How Beautiful Are All God’s Works

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How beautiful are all his works even to the spark and fleeting vision! The universe lives and abides forever; to meet each need, each creature is preserved. All of them differ, one from another, yet none of them has he made in vain. For each in turn, as it comes, is good; can one ever see enough of their splendor?

Sirach 42: 22-25

Last evening as I was preparing for bed, I heard a brief segment of a radio interview with David Suzuki, the Canadian environmentalist. At the moment I attended to the conversation, Suzuki was speaking of what he considered one of the greatest moral and spiritual issues of our age, namely that we refuse to appreciate and attend to the fact that “nature takes its time.” Nature unfolds and reveals its secrets to us slowly. We cannot abide being in time in that way and so we attempt to make nature itself move at our fast and hurried pace. This is an act of great violence on the very earth itself, and we are reaping the results of that violence.

The distinguishing mark of the human person as spirit is our capacity for awe. Awe, of its very nature, is a response to a beauty that is perceived in a universe in which we have been gifted to participate. It cannot be a response to our own limited abilities or production, lest it become, in the words of Adrian van Kaam, “inverted awe.” Today’s reading from Sirach describes the “awesomeness” of creation: its beauty, infinity, the complementarity, uniqueness, and necessity of each of its elements, and finally its goodness. This is the milieu in which we have been given our lives. Yet, most of the time, we are not living in awe. Could Suzuki be right? Is it possible that one of the principal reasons we fail to live more in awe is that we are living in time in contradiction to the truth of things? Perhaps to be, we must be-in-time in accord with the reality of being.

Monday was the Memorial Day holiday in the United States. Following a busy weekend up to that point, I found myself with an open day, one without any set project of my own to follow. So, much of the day had space and silence, to read, to journal, to pray, to think the thoughts that were given me to think. As evening drew on and I sat , as I usually do, on my couch facing the windows and the dining area of my small living space, I noticed the rays of the setting sun were falling directly on my blossoming clivia plant. And so, with my iPad at hand, I snapped a photo of what I was observing to send to a friend. In his response, he commented on the serenity it expressed. At that moment I realized that the serenity of the scene, one which I daily observe or more often fail to observe, entered into my awareness that evening because the way I had spent my time that day had made me able to receive it.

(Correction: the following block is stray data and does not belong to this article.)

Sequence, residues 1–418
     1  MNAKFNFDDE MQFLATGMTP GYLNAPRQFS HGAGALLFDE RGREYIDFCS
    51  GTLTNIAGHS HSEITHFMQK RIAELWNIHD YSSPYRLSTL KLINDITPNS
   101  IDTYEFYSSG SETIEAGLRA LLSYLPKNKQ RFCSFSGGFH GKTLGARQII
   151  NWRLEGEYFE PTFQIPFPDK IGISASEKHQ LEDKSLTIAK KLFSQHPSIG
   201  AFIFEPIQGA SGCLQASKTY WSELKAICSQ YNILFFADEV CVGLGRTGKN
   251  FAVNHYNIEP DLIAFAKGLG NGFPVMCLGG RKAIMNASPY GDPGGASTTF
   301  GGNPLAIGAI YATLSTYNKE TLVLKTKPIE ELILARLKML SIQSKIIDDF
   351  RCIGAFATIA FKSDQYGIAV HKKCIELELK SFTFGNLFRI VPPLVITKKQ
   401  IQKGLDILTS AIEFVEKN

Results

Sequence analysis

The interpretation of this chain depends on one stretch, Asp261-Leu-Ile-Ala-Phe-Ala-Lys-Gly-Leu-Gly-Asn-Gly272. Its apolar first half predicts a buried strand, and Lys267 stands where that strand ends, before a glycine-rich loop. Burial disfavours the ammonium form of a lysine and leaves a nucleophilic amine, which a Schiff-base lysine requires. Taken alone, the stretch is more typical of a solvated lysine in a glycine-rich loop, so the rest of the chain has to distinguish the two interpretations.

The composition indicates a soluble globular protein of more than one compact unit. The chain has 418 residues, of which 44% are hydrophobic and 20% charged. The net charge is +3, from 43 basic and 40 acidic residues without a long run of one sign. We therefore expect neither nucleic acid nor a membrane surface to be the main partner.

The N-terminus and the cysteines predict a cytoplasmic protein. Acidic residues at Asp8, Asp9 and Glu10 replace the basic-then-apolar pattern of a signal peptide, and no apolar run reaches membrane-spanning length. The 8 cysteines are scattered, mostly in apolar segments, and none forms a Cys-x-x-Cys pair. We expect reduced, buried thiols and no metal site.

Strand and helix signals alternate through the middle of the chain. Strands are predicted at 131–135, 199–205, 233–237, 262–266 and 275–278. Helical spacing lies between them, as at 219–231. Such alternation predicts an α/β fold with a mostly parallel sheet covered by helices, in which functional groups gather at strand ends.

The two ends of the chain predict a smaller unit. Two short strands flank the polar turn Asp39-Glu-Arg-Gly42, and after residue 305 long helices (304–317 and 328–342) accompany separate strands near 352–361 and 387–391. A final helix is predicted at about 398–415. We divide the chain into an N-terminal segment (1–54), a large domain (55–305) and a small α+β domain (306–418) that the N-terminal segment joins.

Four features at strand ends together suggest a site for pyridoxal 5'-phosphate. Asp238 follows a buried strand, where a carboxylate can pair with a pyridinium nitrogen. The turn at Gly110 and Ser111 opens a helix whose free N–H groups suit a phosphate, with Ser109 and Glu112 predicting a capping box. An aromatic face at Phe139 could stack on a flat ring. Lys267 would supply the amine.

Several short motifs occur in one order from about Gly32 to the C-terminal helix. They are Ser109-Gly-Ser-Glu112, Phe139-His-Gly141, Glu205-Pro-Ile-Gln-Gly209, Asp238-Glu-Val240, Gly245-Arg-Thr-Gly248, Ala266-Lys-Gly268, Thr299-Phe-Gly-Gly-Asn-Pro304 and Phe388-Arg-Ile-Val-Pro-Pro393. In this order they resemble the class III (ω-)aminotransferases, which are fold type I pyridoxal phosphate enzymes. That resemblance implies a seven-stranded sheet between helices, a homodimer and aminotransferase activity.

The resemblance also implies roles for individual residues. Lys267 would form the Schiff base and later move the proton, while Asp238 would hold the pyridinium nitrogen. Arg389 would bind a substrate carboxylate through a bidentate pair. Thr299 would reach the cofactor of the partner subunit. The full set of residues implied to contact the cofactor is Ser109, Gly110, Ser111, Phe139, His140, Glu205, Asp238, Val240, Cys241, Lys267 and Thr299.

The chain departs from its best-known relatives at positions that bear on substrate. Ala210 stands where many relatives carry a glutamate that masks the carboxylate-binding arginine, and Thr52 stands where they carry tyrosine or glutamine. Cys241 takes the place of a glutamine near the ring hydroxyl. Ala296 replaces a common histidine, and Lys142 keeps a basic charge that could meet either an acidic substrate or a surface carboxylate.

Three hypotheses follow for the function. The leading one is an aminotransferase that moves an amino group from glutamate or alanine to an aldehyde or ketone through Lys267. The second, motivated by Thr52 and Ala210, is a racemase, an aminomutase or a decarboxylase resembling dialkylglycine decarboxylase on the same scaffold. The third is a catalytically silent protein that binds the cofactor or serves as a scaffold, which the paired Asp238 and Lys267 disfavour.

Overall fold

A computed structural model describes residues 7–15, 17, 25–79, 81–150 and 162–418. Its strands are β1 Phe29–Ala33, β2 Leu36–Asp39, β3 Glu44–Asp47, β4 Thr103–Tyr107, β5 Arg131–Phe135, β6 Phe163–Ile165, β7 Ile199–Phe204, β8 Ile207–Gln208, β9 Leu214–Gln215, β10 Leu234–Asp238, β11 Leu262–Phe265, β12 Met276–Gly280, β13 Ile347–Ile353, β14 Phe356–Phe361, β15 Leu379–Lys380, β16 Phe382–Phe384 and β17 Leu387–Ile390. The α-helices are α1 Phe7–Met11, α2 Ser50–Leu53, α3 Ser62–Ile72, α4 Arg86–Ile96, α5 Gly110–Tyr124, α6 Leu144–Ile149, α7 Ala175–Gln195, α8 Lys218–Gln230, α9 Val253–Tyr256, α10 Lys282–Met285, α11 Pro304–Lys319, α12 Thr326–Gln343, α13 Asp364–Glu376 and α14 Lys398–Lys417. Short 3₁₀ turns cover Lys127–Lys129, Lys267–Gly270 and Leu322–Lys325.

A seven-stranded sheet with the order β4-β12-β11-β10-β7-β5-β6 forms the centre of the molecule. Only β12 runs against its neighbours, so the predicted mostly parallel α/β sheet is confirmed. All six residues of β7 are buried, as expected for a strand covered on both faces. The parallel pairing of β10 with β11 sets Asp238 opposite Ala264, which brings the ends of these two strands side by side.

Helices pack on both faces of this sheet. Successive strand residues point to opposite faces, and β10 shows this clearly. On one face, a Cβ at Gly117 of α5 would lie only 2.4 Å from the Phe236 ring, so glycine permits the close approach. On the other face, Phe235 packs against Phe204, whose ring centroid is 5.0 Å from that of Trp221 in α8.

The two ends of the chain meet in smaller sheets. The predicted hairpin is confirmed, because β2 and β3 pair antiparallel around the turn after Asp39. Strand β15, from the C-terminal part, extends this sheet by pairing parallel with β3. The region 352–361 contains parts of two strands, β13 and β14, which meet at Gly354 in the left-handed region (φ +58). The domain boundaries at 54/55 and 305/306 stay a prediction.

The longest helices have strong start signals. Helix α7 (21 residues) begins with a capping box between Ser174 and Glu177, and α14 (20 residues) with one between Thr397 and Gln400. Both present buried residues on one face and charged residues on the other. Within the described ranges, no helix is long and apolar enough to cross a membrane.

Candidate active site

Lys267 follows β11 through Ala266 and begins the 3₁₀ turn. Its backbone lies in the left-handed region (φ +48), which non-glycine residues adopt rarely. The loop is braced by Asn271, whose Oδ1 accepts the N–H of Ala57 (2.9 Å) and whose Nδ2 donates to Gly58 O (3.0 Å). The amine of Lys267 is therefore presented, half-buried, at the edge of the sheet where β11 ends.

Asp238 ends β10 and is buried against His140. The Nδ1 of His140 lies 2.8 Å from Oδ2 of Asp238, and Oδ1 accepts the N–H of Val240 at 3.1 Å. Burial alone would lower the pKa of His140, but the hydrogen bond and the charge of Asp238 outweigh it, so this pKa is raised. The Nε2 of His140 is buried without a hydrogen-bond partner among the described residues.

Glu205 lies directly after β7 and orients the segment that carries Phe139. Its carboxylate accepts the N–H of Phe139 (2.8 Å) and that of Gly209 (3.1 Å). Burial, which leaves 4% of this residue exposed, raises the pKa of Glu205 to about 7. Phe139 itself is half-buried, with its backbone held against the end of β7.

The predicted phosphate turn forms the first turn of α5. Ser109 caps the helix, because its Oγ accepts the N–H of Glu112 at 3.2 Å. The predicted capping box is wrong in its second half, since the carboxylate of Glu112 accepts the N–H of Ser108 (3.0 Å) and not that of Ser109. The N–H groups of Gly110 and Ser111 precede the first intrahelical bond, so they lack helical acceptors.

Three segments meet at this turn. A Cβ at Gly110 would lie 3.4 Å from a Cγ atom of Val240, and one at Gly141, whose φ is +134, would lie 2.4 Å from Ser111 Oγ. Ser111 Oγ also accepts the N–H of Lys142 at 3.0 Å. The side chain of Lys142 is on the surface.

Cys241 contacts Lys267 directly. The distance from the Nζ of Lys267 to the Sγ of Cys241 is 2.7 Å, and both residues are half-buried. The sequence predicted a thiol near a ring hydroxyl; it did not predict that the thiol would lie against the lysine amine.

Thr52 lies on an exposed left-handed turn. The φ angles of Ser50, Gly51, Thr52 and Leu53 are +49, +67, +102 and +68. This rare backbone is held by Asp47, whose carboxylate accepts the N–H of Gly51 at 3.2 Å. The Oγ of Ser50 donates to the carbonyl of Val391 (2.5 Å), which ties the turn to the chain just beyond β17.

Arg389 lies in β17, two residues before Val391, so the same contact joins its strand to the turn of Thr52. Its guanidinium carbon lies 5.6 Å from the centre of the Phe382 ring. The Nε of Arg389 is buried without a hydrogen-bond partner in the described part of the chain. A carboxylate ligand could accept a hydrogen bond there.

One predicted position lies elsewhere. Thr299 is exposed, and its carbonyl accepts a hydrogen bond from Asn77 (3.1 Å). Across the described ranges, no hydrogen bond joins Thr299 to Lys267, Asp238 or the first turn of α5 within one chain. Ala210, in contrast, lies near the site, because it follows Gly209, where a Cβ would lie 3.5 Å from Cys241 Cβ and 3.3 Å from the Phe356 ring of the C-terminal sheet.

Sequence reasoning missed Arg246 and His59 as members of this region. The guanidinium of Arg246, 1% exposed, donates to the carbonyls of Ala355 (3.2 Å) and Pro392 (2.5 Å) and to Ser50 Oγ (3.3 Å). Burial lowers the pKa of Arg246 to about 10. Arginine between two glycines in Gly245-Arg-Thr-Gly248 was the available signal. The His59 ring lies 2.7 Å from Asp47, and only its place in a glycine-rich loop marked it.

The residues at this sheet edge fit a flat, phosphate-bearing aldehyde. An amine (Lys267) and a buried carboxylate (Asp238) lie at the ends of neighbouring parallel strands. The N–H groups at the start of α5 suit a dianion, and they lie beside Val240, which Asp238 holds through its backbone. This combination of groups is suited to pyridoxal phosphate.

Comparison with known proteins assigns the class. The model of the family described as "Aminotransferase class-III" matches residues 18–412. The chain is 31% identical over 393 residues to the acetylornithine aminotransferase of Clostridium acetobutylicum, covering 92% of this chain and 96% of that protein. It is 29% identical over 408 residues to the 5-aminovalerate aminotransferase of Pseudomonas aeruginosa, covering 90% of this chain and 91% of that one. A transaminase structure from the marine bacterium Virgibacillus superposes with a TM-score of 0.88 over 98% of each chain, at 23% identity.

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Our technology, from the electric light to our most current devices, has afforded us many benefits, mostly at the functional level of life, but they have also dissociated us from the greater rhythms of the universe, from the life-in-time of creation and the Creator.  Appreciation, awe, and love all take time, time that we mistakenly believe we don’t have. Without the sense of beauty, order, love and awe of the universe that lies at the heart of our distinctively human spiritual potency, we are increasingly apt to violate the nature and the beauty of life in its human and cosmic manifestations. May we take some time each day to detach from our compulsive and functional sense of time, and so begin to receive the deeper life and serenity that life in all its beautiful and varied forms radiates.

Love all that has been created by God, both the whole and every grain of sand. Love every leaf and every ray of light. Love the beasts and the birds, love the plants, love every separate fragment. If you love each separate fragment, you will understand the mystery of the whole resting in God. When you perceive this, your understanding of this mystery will grow from day to day until you come to love the whole world with a love that includes everything and excludes nothing.

  Fyodor Dostoevsky, The Brothers Karamazov, chapter 41

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